Franklin Frye has spent the last 43 years of his life locked up in a mental hospital. What kind of deranged, psychotic behavior could have put him there for over four decades?
The theft of a $20 necklace.
Frye was sentenced to do time at St. Elizabeths Hospital in Washington, D.C. in 1971 when he pleaded insanity for stealing the necklace, according to a Washington Times investigation. The hospital houses criminals like John Hinckley Jr., the would-be assassin of President Ronald Reagan.
In what civil rights lawyer David Rudovsky called a “breakdown in justice in the court system,” a public defender filed a notion for Frye’s release six years ago, but the case was never heard. The judge handling Frye’s case had died—and only recently did a new judge pick it up.
“Mr. Frye has been waiting over five years to have this motion heard by the court,” his current lawyer, Silvana Naguib, wrote in a Jan. 8 legal filing.
A mere two years after he was committed, the hospital’s director recommended that Frye be unconditionally released. Instead he was conditionally released to look for a job, according to court records. He did spent some time in the outside world at an outpatient program, but it ran out of funding in December and he was committed again.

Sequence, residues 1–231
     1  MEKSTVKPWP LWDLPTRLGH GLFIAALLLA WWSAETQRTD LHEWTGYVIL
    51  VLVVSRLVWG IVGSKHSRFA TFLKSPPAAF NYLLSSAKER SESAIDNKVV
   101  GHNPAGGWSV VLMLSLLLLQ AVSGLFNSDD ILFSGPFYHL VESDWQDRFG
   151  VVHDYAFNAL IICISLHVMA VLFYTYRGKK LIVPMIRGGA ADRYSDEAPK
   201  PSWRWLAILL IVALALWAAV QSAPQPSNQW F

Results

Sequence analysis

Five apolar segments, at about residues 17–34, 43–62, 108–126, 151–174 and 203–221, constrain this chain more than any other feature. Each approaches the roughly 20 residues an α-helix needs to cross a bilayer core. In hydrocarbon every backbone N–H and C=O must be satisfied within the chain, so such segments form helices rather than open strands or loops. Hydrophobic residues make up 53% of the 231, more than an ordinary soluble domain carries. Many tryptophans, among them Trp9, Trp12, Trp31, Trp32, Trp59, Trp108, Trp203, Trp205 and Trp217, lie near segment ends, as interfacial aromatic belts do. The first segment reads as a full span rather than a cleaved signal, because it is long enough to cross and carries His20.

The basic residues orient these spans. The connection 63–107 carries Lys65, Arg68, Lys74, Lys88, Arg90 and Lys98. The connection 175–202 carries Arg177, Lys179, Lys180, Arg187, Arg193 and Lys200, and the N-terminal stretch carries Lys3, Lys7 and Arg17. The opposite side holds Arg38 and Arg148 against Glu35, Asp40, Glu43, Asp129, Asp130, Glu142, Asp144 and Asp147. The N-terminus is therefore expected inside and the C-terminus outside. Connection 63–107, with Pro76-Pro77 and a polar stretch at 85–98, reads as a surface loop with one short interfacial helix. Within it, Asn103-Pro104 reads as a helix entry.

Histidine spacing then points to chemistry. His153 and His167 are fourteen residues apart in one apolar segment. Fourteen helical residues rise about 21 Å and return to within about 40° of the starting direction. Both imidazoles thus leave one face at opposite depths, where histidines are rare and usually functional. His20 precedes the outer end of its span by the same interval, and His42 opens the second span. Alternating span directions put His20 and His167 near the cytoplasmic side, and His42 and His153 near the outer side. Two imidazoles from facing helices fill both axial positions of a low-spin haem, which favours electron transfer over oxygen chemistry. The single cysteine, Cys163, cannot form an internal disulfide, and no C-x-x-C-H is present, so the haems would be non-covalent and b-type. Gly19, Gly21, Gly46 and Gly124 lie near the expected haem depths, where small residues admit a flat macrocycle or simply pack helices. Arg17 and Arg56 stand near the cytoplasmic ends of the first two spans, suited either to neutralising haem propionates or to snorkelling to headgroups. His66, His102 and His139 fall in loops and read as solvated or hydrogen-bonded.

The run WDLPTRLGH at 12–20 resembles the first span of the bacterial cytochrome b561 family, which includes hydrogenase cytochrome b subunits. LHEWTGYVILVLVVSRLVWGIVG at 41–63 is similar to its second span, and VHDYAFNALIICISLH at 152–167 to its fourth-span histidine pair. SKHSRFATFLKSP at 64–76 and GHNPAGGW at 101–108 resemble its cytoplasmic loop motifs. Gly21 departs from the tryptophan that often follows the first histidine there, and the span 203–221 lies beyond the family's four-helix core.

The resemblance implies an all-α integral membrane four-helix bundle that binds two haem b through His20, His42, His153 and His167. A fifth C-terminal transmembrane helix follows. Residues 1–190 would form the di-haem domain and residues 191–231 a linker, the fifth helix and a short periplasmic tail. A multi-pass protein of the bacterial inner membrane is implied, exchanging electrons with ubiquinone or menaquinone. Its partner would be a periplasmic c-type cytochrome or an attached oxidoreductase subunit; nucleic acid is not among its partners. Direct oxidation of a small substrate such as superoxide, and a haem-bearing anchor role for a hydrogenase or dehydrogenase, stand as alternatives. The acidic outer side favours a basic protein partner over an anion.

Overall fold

While Frye found adjusting to life in St. Elizabeth’s difficult at first, at 70 years old he know poses no danger to anyone.
“In the early years of Mr. Frye’s hospitalization, Mr. Frye would sometimes get in fights with other patients, often over money, food, clothing and the other hotly desired commodities of institutional life,” Naguib wrote.
“However, in the last decade, as Mr. Frye has aged, these conflicts have all but vanished. Now, nearly 70, Mr. Frye displays no dangerous behavior of any kind.”
While the hospital claims to review patients’ readiness for “reintegration into the community” every year, neither hospital staff nor judicial officials have responded to Frye’s motion to leave.
“When a court hearing is set on this motion, St. Elizabeths will respond to the court,” said Phyllis Jones, chief of staff for the D.C. Department of Mental Health.